I've owned Champions of ZED and Dragons at Dawn for a while now.  I enjoy pulling them out and reading through them both for inspiration. Both of these games have sections discussing chance cards and how to use them. The idea behind chance cards is pretty simple.  The DM and the players use a stack of index cards to write down events that could take place in their campaign. At certain points in the campaign - the start of every game month, every 90 days in game, etc. - the DM will draw one of these cards and apply it to the campaign. The group could also use these cards to generate a background history for the campaign world as well.  For example, the DM could want to use two events per year for the last 12 years of game time to develop a history for the campaign world. 16 cards would be drawn from the cards available and then the DM would string them together and get the history they wanted.

I know I could do this with some simple brainstorming, rolling on tables, or some other method but I want to do something different. I've become really interested in using the chance cards in my game for the physical aspect of it. I think that comes from two influences.  First, I watch a lot of the videos put out by Game Methuselah on his YouTube channel.  He mentioned writing the monster information on index cards and using them in game; basically, a map, notes, and a box of index cards to run his game.  Second, since I began painting miniatures a few years ago I really want to start using them in my game as well.  I never used them back in the day, but I've gotten the itch to use them now.

Do you use chance cards or something similar in your game?

Monday, January 8, 2024

2024 Reading Plans

After the disappointing low number of books read last year, I got motivated to do better this year. I typically read 12 or more books in a year, but I set a goal of 8 for 2024 because several of these novels are epic length fantasy over 1,000 pages.  I am keeping a reading journal to help with this goal.  If I can read more, I will. Without further delay, here are the novels I plan on reading this year.

Poul Anderson (Three Hearts and Three Lions): I've always wanted to read this for two reasons. I remember it being referred to as a fantasy classic by many readers and - I hope I'm recalling correctly here - it seems that many claim this has the best representation of a Paladin. This book was read in 2023 and will be replaced by Murtagh by Christopher Paolini to keep my reading plan at 8 books for the year.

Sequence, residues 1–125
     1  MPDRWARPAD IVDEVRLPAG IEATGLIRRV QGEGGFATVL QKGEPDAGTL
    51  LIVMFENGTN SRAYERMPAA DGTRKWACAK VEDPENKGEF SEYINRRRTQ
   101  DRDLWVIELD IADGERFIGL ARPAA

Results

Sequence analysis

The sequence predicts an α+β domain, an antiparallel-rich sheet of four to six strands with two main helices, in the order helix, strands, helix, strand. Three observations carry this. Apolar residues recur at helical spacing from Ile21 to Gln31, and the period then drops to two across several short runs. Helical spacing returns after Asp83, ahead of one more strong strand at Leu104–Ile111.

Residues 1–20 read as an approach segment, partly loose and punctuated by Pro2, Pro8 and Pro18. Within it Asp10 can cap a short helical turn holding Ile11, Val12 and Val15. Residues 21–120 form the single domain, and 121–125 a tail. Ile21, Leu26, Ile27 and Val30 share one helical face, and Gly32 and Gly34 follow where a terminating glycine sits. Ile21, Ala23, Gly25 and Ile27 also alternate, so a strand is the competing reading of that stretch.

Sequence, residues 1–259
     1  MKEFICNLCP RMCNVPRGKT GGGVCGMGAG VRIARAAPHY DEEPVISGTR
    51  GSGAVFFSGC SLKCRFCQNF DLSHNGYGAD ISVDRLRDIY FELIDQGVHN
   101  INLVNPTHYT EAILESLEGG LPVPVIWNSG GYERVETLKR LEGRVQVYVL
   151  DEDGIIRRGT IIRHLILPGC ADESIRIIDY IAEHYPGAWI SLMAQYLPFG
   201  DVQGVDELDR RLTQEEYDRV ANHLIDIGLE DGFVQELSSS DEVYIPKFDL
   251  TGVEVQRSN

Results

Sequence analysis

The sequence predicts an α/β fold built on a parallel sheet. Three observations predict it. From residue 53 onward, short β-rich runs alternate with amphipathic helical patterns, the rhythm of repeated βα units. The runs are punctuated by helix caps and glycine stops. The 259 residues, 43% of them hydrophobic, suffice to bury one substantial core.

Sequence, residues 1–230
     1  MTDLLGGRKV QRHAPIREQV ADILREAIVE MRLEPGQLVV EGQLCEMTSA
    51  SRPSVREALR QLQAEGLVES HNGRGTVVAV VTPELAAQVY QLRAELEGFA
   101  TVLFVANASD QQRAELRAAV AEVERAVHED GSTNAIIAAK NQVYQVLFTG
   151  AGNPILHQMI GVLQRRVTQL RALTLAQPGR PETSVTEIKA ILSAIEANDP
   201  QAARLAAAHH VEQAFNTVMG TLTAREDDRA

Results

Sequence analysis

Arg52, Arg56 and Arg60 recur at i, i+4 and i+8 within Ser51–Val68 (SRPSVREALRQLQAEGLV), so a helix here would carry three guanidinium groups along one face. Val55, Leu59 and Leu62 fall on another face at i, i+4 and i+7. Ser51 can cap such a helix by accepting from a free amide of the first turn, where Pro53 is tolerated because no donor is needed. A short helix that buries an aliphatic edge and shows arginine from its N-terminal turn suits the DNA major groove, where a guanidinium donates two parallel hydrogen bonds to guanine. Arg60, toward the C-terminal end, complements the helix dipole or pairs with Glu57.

Ray Bradbury (The Martian Chronicles): I remember seeing this book on the shelves of my middle school library and I also caught some of the PBS television mini-series.  I've always intended to read it so 2024 will be the year I do so.

Brian Lee Durfee (The Forgetting Moon): I stumbled upon his YouTube Channel while browsing the various "booktubers" looking for reviews of fantasy novels.  This guy reads a ton of books, has an impressive home library, and has completed a trilogy of novels.  His videos are funny because he doesn't hold back about how passionate he is about books, and he doesn't take things so seriously that he does a hundred takes to "get it right".  

Frank Herbert (Heretics of Dunge and Chapterhouse Dune): I enjoyed the first four books so I'm going to complete the original six books.  Maybe I'll give the expanded Dune universe novels by Brian Herbert and Kevin J. Anderson at some time.

Robert E. Howard (People of the Dark): Howards' Conan tales are amazing!  I enjoyed Shadow Kingdoms so I'm sure this collection will be excellent as well.

Christopher Paolini (Murtagh): I got this as a Christmas gift from my daughter, so I added it to the list of books for 2024.  I've read the entire Inheritance Cycle so I might as well continue on.  They have always proven to be smooth reading that doesn't require a stack of notes to keep up so that's a bonus.

Brandon Sanderson (Oathbringer and Rhythm of War): I really enjoyed the first two novels in The Stormlight Archives, and I need to get caught up with the series.  The series is planned to be ten books at completion so it's a good time to not fall behind any further.

Monday, January 1, 2024

Happy New Year!

It's a new year and I've been doing some reflection to see what I want to change in 2024.  I have a short list spread over several areas that I could explain in this post.  I'm not going to do that because it all boils down to just one change that will help me achieve the changes I want to make.  I am striving for a better work/life balance in 2024.  

I allowed work to become all-encompassing last year and this blog, my reading, and my creative endeavors suffered because of that decision.  Don't get me wrong, work is important and there will be times that I have to completely focus on it at that time but working 55 to 65 hours a week for months at a time will burn you out. 

Having the last three weeks off work recovering from having my gall bladder removed let that lesson really sink in.  I had planned to bring my laptop home and be available "just in case" but my backup told me to "...relax and not do that.  We got this while you're gone.  I can always ask one of the other guys for help if I need it.".  I did take my laptop home, but I didn't turn it on even just once.  I didn't receive any texts saying the plant had to close down and I didn't see any stories on the news about my absence causing undue hardships to production.  

The point? Take your time off and enjoy it.  You can't be replaced at home, you can and will be replaced at work. I hope everyone has a great year!  I'm looking forward to being more active.